Disney+ Finally Responded To The Simpsons Fans' Complaints About Cropping Jokes

Disney+ Finally Responded To The Simpsons Fans' Complaints About Cropping Jokes

40 minutes ago

CinemaBlend participates in affiliate programs with various companies. We may earn a commission when you click on or make purchases via links.

The Simpsons has shifted away from FXX’s Simpsons World on to Disney+. This is likely convenient if you are a recent subscriber to the new Disney-owned streaming service, as lots of different type of content is housed in one place. Yet, it may be annoying for some longtime The Simpsons fans, as the aspect ratio has led to viewers missing some unique gags. Now, Disney has finally responded about the problem.

After complaints popped up on the interwebs detailing cut jokes and a weird stretching in certain scenes, Disney spoke out in a statement regarding the aspect ratio stuff.

Basically, Disney has heard the fanbase and within the first few months of Disney+, this cropping issue will be fixed so that episodes are available in the original aspect ratio. The company also notes the change was made for consistency, presumably given TV’s used to be more square but are now wider and more rectangular.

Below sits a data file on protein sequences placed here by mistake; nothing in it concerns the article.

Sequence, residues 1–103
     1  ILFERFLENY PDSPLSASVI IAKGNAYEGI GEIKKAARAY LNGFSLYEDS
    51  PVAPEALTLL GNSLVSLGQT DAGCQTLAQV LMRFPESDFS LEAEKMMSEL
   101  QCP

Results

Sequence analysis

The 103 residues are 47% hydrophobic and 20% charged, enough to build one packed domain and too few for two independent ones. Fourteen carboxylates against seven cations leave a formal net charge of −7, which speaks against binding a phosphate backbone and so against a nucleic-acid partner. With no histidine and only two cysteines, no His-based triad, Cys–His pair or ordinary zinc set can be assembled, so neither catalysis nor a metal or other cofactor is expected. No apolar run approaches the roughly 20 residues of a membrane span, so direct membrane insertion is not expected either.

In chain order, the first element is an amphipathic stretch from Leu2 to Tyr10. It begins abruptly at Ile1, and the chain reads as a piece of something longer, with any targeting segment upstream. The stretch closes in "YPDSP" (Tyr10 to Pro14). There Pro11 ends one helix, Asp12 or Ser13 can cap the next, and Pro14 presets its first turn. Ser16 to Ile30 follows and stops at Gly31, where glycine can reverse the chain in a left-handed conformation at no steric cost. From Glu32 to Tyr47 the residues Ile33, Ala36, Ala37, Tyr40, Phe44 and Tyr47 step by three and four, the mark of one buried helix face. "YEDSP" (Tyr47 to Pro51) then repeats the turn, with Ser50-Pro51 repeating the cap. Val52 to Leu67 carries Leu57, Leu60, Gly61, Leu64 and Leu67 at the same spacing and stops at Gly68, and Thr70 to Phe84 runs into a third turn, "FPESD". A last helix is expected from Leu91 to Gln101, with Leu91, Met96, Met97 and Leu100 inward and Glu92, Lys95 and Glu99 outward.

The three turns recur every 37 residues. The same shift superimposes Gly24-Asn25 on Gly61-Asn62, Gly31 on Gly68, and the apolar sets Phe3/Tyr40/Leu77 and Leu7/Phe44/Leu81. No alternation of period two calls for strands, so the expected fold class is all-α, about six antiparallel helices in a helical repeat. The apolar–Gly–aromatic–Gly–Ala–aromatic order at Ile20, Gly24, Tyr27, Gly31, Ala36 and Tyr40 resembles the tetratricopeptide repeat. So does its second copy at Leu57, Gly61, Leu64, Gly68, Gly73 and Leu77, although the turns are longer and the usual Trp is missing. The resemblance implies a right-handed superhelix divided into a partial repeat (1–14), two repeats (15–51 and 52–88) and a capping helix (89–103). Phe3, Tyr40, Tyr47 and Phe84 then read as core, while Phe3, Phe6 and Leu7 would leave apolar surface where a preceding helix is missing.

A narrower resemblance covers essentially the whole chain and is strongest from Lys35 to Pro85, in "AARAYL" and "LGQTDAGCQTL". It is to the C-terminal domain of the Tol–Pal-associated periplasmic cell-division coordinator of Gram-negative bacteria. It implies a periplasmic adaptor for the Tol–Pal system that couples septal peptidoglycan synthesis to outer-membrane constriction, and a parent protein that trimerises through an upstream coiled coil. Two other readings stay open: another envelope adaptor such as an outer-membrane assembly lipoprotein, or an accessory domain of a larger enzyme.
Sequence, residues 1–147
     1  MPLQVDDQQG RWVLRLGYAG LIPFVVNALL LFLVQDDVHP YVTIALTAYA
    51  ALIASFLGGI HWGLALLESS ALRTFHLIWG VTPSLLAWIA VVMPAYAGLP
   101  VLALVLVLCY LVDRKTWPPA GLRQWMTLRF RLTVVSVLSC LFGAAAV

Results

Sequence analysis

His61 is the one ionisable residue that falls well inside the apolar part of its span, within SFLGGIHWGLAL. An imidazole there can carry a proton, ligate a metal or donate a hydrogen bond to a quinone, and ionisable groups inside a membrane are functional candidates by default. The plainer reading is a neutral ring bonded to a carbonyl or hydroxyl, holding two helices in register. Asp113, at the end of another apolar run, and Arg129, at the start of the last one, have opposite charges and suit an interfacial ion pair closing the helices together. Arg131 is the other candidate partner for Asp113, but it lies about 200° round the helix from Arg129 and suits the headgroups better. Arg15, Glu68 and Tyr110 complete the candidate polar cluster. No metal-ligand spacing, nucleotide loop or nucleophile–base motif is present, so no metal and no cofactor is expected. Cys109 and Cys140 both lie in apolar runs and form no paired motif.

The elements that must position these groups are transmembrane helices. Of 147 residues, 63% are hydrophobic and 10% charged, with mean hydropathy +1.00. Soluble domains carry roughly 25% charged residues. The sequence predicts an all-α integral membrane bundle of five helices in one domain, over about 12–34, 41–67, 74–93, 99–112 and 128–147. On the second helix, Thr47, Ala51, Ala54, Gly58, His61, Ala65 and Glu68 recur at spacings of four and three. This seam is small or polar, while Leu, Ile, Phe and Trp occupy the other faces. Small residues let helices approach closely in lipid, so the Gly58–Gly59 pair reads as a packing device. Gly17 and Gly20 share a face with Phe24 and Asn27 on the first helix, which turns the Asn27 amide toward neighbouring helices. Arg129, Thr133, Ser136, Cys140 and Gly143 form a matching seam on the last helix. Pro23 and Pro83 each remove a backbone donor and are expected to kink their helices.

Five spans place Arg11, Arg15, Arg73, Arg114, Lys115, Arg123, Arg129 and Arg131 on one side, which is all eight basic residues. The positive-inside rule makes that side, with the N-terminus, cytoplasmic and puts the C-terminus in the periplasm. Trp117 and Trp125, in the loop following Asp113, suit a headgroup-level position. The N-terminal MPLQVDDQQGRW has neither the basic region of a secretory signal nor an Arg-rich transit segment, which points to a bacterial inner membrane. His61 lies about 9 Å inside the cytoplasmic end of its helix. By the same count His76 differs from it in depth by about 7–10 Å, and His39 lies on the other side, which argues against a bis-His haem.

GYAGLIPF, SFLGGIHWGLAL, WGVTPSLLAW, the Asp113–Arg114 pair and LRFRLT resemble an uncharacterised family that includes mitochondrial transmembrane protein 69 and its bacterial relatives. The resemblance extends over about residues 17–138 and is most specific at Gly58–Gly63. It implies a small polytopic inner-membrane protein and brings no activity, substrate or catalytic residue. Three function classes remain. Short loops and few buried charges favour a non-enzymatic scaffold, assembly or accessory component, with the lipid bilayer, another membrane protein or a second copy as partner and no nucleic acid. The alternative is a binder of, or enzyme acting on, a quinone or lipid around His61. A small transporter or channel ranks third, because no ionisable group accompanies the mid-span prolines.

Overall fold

The aspect ratio issue made itself known very early on in The Simpsons’ appearance on Disney+. Although you’d have to already sort of know what gags you are missing ahead of watching on Disney+, some social media users have avidly documented examples of the issue, through posts such as these:

As you can see, the Disney+ version on the right cuts out a great Duff beer gag. It’s not the only visual gag that has been left on the cutting room floor thanks to the Disney+ ratio aspect. Another cut out this “Clumsy Student Movers” gag.

The Verge’s report calls the 16:9 ration aspect “joke-destroying,” which is an aggressive-yet-accurate description of what is happening for fans of the show. While it might seem like a minor complaint or not super noticeable to some, for others, I’m sure the issues have felt glaring.

All of this has led the Netflix competitor to sign on 10 million households in its first few days. You just may have to wait a couple of months to see The Simpsons episodes the way they were initially intended.